Keaton Guthrie-Goss

William Keaton Guthrie-Goss, 25, of Philadelphia, and formerly of Garrison, drowned on Nov. 29 while surfing in Fort Bragg, a city in northern California. A friend he was surfing with was rescued, according to news reports.

He was born Jan. 24, 1993, in New York City, the son of Joel Goss, of Beacon, and Cat Guthrie, of Garrison. Keaton grew up in Garrison, attending the Garrison School and the Master’s School in Dobbs Ferry (where he was voted “Most Loved by All”). In 2015 he graduated from Beloit College in Wisconsin, where he earned degrees in creative writing and classics. He enjoyed skateboarding, snowboarding and surfing and was skilled at marketing and social media.

“Keaton and I doing what we loved to do — having adventures in the sea!” his mother wrote in tribute on Facebook above a photo of the two of them holding surfboards at the beach. “I am so happy he went out with a blaze, doing what he loves.” His father added: “Keaton loved people, and people loved Keaton. Whether it was the tollbooth taker or the Uber driver, casual encounters could create lifelong friends.”

At Beloit, the school’s president, Scott Bierman, announced Keaton’s death to the campus on Dec. 1 and shared a message from Professor Donna Oliver, who remembered her former student as “kind, sweet, funny and smart.” She added: “The death of anyone so young is especially difficult to understand and accept; all of us who knew Keaton grieve the loss of a truly good soul.”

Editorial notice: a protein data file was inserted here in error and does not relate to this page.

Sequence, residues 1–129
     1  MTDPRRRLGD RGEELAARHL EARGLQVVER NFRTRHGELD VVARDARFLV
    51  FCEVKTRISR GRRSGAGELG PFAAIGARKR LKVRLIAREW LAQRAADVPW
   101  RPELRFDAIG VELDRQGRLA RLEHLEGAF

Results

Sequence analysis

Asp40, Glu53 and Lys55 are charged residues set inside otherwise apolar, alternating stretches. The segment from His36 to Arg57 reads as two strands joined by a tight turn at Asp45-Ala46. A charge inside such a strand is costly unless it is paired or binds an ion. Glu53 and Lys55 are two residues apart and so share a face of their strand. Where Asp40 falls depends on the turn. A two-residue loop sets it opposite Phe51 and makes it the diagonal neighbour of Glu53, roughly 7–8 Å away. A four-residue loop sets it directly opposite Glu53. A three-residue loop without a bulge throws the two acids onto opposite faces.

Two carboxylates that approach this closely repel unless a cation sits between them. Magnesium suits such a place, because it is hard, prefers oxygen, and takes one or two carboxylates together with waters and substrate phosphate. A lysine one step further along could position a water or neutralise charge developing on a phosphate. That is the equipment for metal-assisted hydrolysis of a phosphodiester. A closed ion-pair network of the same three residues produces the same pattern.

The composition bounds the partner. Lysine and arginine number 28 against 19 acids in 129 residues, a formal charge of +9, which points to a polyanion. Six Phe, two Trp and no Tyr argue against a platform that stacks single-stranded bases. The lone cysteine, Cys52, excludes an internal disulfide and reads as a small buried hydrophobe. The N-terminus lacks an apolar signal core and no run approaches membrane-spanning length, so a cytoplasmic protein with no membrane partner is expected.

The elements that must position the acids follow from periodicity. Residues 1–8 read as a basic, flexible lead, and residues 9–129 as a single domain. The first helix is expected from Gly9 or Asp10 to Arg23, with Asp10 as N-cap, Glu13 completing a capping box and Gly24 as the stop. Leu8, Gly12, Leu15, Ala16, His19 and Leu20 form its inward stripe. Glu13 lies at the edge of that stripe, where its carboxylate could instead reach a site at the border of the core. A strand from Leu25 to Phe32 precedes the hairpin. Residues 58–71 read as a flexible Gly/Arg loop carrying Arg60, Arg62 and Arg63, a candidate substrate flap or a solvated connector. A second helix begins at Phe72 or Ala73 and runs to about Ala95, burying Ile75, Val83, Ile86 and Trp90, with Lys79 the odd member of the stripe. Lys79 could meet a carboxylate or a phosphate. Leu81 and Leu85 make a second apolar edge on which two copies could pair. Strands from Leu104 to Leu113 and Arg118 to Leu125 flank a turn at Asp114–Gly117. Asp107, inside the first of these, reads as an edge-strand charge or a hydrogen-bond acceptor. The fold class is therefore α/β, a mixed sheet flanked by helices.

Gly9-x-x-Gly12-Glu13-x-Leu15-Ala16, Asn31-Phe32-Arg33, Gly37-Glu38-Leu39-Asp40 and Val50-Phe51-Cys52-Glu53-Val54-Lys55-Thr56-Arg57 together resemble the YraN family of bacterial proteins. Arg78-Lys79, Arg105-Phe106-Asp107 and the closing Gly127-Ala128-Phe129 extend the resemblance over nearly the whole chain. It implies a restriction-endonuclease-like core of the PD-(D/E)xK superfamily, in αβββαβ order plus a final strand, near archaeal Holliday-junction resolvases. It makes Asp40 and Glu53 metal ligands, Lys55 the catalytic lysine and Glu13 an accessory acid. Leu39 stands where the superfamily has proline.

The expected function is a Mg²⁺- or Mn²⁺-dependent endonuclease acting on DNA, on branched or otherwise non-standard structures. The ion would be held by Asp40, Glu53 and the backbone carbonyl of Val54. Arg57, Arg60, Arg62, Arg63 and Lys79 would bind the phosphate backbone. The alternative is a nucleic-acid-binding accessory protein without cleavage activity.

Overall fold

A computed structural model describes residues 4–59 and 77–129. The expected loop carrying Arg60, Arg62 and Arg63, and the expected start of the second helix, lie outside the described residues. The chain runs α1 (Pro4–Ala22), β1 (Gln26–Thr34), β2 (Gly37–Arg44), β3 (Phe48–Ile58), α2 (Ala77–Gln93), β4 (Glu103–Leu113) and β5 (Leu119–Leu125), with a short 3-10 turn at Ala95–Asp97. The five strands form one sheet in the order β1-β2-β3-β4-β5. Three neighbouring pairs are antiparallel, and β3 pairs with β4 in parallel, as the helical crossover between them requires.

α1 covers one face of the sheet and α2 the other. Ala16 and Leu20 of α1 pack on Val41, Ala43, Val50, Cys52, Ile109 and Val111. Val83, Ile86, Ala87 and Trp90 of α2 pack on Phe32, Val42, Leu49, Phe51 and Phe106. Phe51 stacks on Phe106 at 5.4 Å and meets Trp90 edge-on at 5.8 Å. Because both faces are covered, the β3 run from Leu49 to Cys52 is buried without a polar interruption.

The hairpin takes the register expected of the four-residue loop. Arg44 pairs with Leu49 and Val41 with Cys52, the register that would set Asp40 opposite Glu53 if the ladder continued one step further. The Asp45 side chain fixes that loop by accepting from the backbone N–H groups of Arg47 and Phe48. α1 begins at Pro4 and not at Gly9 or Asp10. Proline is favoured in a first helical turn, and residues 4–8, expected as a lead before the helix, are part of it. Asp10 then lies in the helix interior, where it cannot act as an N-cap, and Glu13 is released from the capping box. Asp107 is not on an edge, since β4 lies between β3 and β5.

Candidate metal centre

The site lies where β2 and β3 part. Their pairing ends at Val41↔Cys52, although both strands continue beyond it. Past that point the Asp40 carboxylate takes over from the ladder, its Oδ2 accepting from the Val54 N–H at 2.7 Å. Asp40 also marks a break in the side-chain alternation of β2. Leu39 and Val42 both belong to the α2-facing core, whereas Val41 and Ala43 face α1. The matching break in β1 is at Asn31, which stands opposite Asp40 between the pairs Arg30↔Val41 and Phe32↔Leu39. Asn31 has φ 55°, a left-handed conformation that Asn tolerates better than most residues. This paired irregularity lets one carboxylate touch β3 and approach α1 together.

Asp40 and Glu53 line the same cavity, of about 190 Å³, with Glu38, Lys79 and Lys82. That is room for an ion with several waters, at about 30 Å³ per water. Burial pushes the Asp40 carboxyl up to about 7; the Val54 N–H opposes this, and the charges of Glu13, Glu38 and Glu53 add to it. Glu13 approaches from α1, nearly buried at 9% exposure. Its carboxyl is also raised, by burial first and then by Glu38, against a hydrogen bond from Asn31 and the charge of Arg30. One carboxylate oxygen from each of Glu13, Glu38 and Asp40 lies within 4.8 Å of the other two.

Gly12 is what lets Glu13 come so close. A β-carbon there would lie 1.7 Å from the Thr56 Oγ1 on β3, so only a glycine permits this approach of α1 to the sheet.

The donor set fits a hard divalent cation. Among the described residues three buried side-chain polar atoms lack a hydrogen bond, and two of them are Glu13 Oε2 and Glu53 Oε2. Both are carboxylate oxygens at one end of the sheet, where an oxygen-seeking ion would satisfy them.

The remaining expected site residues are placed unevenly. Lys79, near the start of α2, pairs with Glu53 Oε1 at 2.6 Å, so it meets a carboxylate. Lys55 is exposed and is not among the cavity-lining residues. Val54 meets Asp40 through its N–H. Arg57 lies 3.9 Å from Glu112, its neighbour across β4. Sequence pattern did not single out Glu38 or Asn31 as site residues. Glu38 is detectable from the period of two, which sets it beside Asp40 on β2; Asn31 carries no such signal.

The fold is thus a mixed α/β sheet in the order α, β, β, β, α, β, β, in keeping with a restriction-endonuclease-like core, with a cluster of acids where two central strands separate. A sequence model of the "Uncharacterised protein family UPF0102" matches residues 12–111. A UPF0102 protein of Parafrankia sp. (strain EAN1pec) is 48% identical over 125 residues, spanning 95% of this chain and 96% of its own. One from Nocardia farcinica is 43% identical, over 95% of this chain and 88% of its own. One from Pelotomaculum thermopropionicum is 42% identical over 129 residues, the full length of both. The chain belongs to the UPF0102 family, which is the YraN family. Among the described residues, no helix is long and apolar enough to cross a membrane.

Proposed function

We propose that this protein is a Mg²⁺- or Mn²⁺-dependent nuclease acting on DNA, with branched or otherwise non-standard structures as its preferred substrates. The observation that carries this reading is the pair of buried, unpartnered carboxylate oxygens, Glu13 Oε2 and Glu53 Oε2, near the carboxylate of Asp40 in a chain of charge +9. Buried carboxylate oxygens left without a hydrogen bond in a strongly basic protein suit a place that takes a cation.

Besides his parents, Keaton is survived by his grandmother, Mary Ann Goss, and his girlfriend, Paige Tendler. A celebration of life for family and close friends will be held at The Garrison, 2015 Route 9, from 2 to 6 p.m. on Sunday, Dec. 16. Carpooling is suggested. Memorial donations may be made to Beloit College ( or the Fresh Air Fund (

Behind The Story

Type: Obituary

Obituary: Reports the death of an individual, providing an account of the person’s life including their achievements, any controversies in which they were involved, and reminiscences by people who knew them.

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